While MAC functions are similar to cryptographic hash functions, they possess different security requirements. To be considered secure, a MAC function must resist existential forgery under chosen-plaintext attacks. This means that even if an attacker has access to an oracle which possesses the secret key and generates MACs for messages of the attacker's choosing, the attacker cannot guess the MAC for other messages (which were not used to query the oracle) without performing infeasible amounts of computation.
MACs differ from digital signatures as MAC values are both generated and verified using the same secret key. This implies that the sender and receiver of a message must agree on the same key before initiating communications, as is the case with symmetric encryption.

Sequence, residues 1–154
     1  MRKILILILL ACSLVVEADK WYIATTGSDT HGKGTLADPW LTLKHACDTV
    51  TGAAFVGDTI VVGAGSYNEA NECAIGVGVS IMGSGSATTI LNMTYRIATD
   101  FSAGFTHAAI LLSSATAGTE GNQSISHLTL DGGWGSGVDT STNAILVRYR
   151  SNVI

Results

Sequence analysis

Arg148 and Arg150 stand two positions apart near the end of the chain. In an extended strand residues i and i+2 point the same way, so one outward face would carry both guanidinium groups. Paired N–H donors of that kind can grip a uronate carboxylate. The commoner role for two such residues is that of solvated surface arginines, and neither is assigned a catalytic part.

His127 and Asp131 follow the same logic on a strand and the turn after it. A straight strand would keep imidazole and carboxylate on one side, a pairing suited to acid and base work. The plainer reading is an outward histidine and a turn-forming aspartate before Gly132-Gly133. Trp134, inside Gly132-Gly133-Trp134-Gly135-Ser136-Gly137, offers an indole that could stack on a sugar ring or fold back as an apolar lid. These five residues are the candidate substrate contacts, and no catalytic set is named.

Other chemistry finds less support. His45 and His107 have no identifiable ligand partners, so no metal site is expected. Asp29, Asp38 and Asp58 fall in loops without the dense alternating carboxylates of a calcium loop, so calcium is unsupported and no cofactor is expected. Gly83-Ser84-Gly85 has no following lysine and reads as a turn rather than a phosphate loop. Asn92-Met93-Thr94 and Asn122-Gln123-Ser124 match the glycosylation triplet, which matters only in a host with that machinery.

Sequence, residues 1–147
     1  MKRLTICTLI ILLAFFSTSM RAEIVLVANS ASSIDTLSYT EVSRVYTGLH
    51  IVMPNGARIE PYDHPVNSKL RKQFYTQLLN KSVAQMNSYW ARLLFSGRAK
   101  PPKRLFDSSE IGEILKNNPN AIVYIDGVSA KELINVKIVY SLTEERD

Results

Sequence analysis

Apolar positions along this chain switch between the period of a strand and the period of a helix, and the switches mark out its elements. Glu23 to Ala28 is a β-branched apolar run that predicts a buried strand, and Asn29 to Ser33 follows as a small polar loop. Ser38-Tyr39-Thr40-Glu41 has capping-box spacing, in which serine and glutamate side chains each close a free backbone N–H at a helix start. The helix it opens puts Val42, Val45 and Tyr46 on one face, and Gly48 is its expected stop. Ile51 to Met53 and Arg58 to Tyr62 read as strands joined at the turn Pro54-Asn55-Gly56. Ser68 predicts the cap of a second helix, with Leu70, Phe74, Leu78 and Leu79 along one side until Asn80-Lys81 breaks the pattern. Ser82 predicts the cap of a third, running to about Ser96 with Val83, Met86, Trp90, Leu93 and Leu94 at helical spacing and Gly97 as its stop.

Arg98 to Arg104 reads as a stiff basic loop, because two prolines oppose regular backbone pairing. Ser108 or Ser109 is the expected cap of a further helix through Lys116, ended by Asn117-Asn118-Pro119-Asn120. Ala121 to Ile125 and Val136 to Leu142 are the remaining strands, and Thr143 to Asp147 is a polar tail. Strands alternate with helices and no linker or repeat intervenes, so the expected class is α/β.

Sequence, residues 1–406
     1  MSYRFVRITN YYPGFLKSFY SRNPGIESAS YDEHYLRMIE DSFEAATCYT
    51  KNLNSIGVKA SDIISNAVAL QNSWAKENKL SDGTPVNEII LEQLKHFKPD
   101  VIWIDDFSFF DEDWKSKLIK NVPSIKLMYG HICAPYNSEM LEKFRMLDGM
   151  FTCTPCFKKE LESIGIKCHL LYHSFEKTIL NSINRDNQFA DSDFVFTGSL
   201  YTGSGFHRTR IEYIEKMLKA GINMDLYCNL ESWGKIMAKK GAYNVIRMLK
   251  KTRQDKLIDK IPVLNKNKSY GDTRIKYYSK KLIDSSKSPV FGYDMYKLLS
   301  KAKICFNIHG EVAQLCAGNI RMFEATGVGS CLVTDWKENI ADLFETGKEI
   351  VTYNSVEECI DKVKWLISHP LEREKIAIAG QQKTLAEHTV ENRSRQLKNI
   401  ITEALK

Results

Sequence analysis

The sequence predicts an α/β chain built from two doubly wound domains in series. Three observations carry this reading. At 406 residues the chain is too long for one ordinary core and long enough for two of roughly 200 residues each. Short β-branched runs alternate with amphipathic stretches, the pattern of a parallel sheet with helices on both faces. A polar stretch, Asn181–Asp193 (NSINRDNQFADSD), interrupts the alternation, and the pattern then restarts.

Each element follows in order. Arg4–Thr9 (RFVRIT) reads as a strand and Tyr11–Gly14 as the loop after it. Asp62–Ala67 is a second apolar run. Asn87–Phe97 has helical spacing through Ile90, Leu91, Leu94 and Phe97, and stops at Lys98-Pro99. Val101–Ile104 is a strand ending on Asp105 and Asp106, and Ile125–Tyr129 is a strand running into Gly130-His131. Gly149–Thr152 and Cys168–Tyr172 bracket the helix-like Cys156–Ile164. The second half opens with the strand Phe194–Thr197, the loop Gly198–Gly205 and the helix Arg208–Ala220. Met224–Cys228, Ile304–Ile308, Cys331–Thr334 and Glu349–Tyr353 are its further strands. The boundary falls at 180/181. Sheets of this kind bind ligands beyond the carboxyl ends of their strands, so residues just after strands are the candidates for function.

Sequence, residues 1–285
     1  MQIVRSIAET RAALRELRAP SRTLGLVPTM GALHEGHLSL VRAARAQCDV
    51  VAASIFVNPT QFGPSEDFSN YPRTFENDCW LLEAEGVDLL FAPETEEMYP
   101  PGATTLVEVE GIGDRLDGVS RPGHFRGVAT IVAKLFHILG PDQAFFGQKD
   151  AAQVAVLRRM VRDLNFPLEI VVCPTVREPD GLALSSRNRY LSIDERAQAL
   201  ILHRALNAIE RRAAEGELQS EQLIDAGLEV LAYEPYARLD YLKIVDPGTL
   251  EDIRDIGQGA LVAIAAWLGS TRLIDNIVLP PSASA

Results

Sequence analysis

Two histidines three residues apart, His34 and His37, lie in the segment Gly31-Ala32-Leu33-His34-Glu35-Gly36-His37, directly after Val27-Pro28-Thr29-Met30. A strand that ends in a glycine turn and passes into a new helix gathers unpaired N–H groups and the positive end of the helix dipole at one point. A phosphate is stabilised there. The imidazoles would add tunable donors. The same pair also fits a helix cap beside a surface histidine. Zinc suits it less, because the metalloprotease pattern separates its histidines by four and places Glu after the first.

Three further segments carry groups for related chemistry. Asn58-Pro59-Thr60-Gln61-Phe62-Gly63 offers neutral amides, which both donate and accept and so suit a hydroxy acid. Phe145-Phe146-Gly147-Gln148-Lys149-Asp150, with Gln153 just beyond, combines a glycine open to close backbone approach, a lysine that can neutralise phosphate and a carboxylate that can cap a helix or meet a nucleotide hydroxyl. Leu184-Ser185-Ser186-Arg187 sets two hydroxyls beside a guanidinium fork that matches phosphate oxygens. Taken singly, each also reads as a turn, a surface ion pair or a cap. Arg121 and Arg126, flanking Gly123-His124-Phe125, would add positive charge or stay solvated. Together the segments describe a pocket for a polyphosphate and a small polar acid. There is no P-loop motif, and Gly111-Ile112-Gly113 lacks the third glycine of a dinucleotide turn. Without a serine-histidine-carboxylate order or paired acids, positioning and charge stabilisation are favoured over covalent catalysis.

For the same reason, MACs do not provide the property of non-repudiation offered by signatures specifically in the case of a network-wide shared secret key: any user who can verify a MAC is also capable of generating MACs for other messages. In contrast, a digital signature is generated using the private key of a key pair, which is asymmetric encryption.
Since this private key is only accessible to its holder, a digital signature proves that a document was signed by none other than that holder. Thus, digital signatures do offer non-repudiation.
However, non-repudiation can be provided by systems that securely bind key usage information to the MAC key; the same key is in possession of two people, but one has a copy of the key that can be used for MAC generation while the other has a copy of the key in a hardware security module that only permits MAC verification. This is commonly done in the finance industry.Wikipedia